The General Optical Council (GOC) has launched new guidance to help registrants in situations where they need to consider the professional requirement to speak up when patient or public safety may be at risk.
It covers all concerns such as when something has been observed that appears seriously wrong or is not in accordance with the accepted standards for optometrists and dispensing opticians, optical businesses and students, including what may be termed ‘whistleblowing’ and/or ‘raising concerns’.
The guidance replaces the GOC’s previous guidance on ‘Raising concerns with the GOC (whistleblowing) policy’. It is split into two parts: one for individuals and the other for businesses. It makes the GOC’s expectations of registrants clearer and covers various areas, including why it’s important to speak up, when to consider speaking up and how, including speaking up to the GOC, as well as maintaining and promoting awareness within businesses. It also includes a flowchart which outlines the speaking up process and key organisations if registrants need to seek advice.
The guidance has been written in line with the GOC’s duty of candour guidance and should be read alongside the Standards of Practice for Optometrists and Dispensing Opticians, Standards for Optical Businesses and Standards for Optical Students, which registrants must apply to their practice.
A draft version of the guidance was consulted on from December 2020 to March 2021, following learnings from recent healthcare inquiries into issues where staff’s concerns were not appropriately actioned, such as the Mid Staffordshire NHS Foundation Trust Public Inquiry. In addition, the guidance follows on from the GOC’s recent publication of the ‘Whistleblowing disclosures report 2021’, a cross-regulatory effort to be more transparent about how regulators handle complaints.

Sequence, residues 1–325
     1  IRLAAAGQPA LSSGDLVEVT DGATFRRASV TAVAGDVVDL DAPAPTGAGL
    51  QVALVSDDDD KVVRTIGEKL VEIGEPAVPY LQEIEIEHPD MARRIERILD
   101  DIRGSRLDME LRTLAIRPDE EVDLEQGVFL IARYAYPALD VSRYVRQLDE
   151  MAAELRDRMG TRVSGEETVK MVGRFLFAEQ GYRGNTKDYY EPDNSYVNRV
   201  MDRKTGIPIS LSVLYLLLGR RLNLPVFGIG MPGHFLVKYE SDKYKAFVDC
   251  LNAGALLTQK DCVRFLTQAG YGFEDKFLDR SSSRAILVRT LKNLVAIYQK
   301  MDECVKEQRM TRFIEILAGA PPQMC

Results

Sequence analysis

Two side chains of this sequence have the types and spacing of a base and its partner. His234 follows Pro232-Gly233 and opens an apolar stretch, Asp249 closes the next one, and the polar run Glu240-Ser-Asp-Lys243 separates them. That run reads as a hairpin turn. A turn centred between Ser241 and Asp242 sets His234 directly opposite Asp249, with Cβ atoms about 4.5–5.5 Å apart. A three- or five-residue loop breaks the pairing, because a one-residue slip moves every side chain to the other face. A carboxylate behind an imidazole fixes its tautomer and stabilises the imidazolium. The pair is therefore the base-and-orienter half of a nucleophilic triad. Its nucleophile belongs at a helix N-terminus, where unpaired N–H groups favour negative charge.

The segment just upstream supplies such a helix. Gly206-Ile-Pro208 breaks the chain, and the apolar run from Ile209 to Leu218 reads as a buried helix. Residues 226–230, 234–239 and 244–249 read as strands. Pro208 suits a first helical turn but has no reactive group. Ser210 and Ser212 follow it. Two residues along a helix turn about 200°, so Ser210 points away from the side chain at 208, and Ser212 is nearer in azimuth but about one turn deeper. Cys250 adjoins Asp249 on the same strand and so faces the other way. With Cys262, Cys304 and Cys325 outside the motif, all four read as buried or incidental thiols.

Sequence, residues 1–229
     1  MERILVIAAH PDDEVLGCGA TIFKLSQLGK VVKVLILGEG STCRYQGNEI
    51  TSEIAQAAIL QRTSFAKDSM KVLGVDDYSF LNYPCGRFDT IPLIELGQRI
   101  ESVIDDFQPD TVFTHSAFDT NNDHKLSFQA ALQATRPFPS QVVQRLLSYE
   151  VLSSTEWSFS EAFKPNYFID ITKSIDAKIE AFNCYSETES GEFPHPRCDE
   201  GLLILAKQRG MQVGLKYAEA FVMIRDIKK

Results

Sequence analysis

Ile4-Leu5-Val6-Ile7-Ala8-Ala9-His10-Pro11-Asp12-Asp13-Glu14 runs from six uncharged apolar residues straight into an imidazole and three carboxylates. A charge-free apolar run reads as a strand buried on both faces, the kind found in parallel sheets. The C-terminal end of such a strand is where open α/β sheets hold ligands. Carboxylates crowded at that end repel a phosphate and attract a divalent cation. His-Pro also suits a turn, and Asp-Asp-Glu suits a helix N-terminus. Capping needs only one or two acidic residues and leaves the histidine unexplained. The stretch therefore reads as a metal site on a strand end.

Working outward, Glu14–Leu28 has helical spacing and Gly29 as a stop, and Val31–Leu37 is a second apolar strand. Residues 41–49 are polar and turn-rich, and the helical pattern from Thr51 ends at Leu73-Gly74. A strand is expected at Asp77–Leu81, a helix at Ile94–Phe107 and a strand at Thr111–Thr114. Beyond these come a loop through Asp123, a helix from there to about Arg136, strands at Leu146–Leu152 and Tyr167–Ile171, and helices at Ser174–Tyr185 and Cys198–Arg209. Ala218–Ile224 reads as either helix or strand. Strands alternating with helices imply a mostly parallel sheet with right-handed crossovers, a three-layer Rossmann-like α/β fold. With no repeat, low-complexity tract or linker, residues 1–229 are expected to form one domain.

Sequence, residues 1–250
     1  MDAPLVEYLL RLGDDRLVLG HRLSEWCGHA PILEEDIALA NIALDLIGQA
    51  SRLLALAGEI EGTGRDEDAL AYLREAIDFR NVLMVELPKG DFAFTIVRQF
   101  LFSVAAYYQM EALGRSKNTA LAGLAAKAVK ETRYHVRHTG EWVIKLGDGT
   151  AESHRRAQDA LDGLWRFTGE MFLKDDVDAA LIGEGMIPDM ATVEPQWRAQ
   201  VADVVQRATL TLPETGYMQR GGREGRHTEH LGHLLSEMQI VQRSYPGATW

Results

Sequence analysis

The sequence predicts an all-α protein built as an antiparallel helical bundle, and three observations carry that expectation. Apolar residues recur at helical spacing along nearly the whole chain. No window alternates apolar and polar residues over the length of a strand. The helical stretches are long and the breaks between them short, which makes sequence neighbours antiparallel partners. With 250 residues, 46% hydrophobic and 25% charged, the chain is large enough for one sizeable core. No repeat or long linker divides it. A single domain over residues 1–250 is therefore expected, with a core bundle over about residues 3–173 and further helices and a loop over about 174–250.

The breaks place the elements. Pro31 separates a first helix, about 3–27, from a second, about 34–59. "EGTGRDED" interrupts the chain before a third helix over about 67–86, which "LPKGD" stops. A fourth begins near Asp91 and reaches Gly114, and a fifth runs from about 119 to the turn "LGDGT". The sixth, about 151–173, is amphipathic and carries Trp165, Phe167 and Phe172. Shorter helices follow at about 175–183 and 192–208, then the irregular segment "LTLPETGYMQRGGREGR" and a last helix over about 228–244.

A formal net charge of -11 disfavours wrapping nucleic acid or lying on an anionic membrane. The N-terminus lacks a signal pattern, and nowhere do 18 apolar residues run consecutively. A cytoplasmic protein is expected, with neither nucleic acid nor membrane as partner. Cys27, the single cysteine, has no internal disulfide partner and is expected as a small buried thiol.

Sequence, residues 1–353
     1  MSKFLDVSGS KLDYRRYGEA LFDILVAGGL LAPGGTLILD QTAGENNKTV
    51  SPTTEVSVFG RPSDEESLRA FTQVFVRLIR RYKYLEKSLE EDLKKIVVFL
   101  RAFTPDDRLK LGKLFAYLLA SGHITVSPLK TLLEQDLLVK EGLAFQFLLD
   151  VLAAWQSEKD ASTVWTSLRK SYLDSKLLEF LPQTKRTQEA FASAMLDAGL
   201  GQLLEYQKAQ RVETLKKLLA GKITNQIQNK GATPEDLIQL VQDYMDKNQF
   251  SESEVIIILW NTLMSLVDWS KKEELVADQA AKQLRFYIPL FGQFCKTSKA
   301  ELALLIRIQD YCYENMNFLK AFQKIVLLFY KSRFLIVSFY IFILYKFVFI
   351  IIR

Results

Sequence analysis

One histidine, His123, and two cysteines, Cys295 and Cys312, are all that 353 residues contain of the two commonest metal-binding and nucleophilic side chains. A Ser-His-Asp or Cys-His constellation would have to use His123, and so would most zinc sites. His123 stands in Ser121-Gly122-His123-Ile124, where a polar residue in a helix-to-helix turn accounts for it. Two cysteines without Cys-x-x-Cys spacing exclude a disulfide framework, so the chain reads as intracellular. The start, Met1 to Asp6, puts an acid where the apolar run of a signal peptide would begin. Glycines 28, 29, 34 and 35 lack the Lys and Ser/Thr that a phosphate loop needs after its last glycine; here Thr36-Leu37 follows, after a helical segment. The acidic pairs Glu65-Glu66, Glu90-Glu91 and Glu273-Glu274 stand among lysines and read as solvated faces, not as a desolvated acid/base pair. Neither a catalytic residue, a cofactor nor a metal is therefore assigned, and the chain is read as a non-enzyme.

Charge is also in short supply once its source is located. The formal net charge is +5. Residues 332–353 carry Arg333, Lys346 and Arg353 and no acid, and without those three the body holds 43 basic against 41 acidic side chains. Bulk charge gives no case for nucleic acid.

Marie Bunby, Head of Policy and Standards, said:
“We acknowledge that there are barriers to speaking up which can make it a difficult thing to do, so we have ensured it is clear for businesses what the potential barriers might be and what they can do to create a culture of speaking up. We have also emphasised that businesses should ensure that anyone speaking up, or considering speaking up, is not victimised or discriminated against.
We recognise that some registrants have the impression that we do not investigate business registrants, however our annual report for 2019/20 shows that nine per cent of the investigations we opened were into business registrants, in line with the total number of business registrants on our register. We will explore how we can better communicate the outcomes of fitness to practise cases, including against business registrants, in the future.
We encourage all registrants to undertake continuing professional development (CPD) in this area, so they feel confident to speak up when they need to in order to protect the public. We will be working with other organisations to encourage CPD.”